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Thread: Flying with a Besson Hard Case

  1. #11
    Join Date
    Jun 2017
    Location
    Victoria, Australia (currently in Liverpool, UK)
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    19
    Thanks for that. I shall have to have a look for one. Much appreciated!

  2. This is from Steve Meads web site.
    Of course this is a question I often get asked about! 99% of the time I have no problem whatsoever carrying my euphonium onto the playing in a gig bag. Most airlines are happy to let me travel with the euphonium in a gig bag and one other carry on bag. This is an internationally agreed airline policy, but some airlines seem to vary a little bit in their application of this agreement. So long as the instrument can fit through the scanner you should have no problem. If your gig bag is oversized and looks too bulky you could be asked to check it it. Normal hard cases often do the job if you check in your instrument, but you always take the risk, may be as high as one in six, but your instrument will suffer damage. Heavy duty flight cases are much more likely to give long term protection but airlines are much more likely to charge you excess baggage nowadays. So a gig bag and a cheery disposition are your best tools! When travelling in a group or with the band you may find the airline less understanding. It is a problem, but with about 100 flights a year, I usually only expect problems two or three times, and then the answer is usually to check in my other carry on bag (a briefcase usually). Do not let anyone else touch your instrument!!

  3. #13
    Join Date
    Jun 2017
    Location
    Victoria, Australia (currently in Liverpool, UK)
    Posts
    19
    Thanks for the information at well, Graeme. A gig bag might be out of the question at the moment (I'm a bit time poor organising this!) however it's very good knowledge for the future.

  4. #14
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    Jun 2017
    Location
    Victoria, Australia (currently in Liverpool, UK)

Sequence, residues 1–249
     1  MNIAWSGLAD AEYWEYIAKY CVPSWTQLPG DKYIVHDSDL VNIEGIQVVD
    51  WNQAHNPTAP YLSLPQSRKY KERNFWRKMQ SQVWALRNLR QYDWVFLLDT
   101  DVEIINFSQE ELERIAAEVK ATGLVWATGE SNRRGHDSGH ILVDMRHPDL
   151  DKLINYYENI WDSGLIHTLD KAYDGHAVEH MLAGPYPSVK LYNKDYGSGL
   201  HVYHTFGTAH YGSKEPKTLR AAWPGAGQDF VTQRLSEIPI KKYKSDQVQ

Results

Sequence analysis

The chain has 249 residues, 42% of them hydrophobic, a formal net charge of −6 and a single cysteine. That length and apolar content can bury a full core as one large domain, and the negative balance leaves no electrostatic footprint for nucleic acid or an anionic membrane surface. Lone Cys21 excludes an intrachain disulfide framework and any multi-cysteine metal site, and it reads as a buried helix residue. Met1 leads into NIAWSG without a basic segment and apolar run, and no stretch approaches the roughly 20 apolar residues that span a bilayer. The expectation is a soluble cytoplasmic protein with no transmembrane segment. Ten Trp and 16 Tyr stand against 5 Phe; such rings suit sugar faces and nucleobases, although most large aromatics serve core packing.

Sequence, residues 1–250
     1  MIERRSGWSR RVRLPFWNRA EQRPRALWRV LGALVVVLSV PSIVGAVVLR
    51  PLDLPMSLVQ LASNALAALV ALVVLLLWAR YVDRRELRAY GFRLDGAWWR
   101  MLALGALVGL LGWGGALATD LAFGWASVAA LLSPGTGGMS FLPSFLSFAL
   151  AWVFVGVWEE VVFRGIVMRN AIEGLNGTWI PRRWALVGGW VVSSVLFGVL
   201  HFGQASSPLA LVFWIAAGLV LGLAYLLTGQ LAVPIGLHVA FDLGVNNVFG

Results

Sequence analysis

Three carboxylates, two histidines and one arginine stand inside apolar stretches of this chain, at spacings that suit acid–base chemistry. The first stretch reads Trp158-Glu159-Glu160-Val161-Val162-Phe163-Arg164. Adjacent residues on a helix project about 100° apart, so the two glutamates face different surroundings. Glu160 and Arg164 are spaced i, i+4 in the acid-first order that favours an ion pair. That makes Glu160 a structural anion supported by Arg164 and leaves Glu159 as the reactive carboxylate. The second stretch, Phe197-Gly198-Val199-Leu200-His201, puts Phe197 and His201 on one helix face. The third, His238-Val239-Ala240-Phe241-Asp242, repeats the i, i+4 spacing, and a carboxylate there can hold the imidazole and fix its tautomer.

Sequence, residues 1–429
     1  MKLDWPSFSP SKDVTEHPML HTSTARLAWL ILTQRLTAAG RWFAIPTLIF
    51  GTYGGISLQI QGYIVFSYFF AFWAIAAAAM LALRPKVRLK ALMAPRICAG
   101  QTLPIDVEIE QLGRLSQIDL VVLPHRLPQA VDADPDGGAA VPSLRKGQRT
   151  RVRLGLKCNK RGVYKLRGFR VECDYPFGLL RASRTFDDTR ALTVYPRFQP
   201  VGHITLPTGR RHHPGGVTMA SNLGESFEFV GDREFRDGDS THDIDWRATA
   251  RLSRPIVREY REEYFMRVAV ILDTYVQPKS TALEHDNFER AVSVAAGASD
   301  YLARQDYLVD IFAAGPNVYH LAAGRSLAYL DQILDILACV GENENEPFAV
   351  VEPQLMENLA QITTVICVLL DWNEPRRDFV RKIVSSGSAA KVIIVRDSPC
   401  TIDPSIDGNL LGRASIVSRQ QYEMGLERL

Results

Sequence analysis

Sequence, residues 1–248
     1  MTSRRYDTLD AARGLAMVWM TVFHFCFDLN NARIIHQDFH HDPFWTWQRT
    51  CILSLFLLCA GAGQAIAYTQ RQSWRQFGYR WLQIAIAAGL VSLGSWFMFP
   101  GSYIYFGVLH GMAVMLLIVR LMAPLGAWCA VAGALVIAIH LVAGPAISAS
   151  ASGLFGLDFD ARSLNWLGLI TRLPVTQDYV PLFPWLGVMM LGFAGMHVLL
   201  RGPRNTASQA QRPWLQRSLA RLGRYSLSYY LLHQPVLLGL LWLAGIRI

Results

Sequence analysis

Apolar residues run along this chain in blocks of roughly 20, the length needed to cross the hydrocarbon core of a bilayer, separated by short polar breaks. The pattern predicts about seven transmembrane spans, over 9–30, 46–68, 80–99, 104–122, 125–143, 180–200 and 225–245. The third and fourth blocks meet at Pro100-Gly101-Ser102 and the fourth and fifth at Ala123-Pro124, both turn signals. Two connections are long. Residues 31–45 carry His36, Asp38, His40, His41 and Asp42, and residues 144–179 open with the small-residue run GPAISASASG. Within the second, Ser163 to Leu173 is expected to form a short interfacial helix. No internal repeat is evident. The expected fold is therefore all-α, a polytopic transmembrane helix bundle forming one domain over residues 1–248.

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    19
    Hi all, I'm back.

    There would be no issue with getting a piece of foam cut to the size of the bell would there?
    Jarrod Handley

    Besson Sovereign BE955 Baritone Horn - Denis Wick 6BS

  5. #15
    I'm not sure your question is clear. Are you talking about having it done or doing it yourself? And do you mean soft form or something like Styrofoam?
    Dave Werden (ASCAP)
    Euphonium Soloist, U.S. Coast Guard Band, retired
    Adams E3, Denis Wick 4AL (classic)
    Instructor of Euphonium and Tuba
    Twitter: davewerden
    Facebook: davewerden
    YouTube: dwerden
    Owner of TubaEuph.com, DWerden.com

  6. #16
    Join Date
    Jun 2017
    Location
    Victoria, Australia (currently in Liverpool, UK)
    Posts
    19
    Sorry, that wasn't clear at all.

    I was thinking about getting something cut to size for inside the bell, like black packaging foam in audio equipment cases. It would stick out the top slightly to wedge against the case lining.
    Jarrod Handley

    Besson Sovereign BE955 Baritone Horn - Denis Wick 6BS

  7. #17
    Quote Originally Posted by Anorak-Horn View Post
    I was thinking about getting something cut to size for inside the bell, like black packaging foam in audio equipment cases. It would stick out the top slightly to wedge against the case lining.
    That will slightly enhance your protection. However, the drawback of soft foam is that it's...well, soft. If the horn is dropped on the bell end the dynamic weight of the horn become much greater and it will probably compress the foam and still contact the case. However, by then you have slowed it down, which is a good thing. If you cut it oversize so it is really compressed to fit in place, then TSA may not be able to put it back in correctly if they inspect.

    The preferred solution is something firm like Styrofoam (there are probably many other products I'm not aware of) that is shaped like the inside of your bell, but sticks out an additional inch or so (as much as the case will allow easily). That won't compress as much, it's very light, and it would be easy for TSA to reinsert it. The hard form spreads the impact out around the circumference of the bell throat, which is quite strong in this setting. But this type of form is tough to shape neatly! You do NOT want stray pieces left from your cutting floating around in your bell. They may find their way upstream and cause mischief.
    Dave Werden (ASCAP)
    Euphonium Soloist, U.S. Coast Guard Band, retired
    Adams E3, Denis Wick 4AL (classic)
    Instructor of Euphonium and Tuba
    Twitter: davewerden
    Facebook: davewerden
    YouTube: dwerden
    Owner of TubaEuph.com, DWerden.com

  8. #18
    Join Date
    Jun 2017
    Location
    Victoria, Australia (currently in Liverpool, UK)
    Posts
    19
    Thanks Dave. All of this has been fantastic help.
    Jarrod Handley

    Besson Sovereign BE955 Baritone Horn - Denis Wick 6BS

  9. I've flown with Besson cases many times. I use t-shirts, undies and socks to pack out the case to minimise any movement the horn can have inside the case.

    Luggage strap is recommended, as is locking the case.

  10. Also the area where I have got dents in my euph, is the nuckles of the tubing just coming out of the valves on the front of the instrument.

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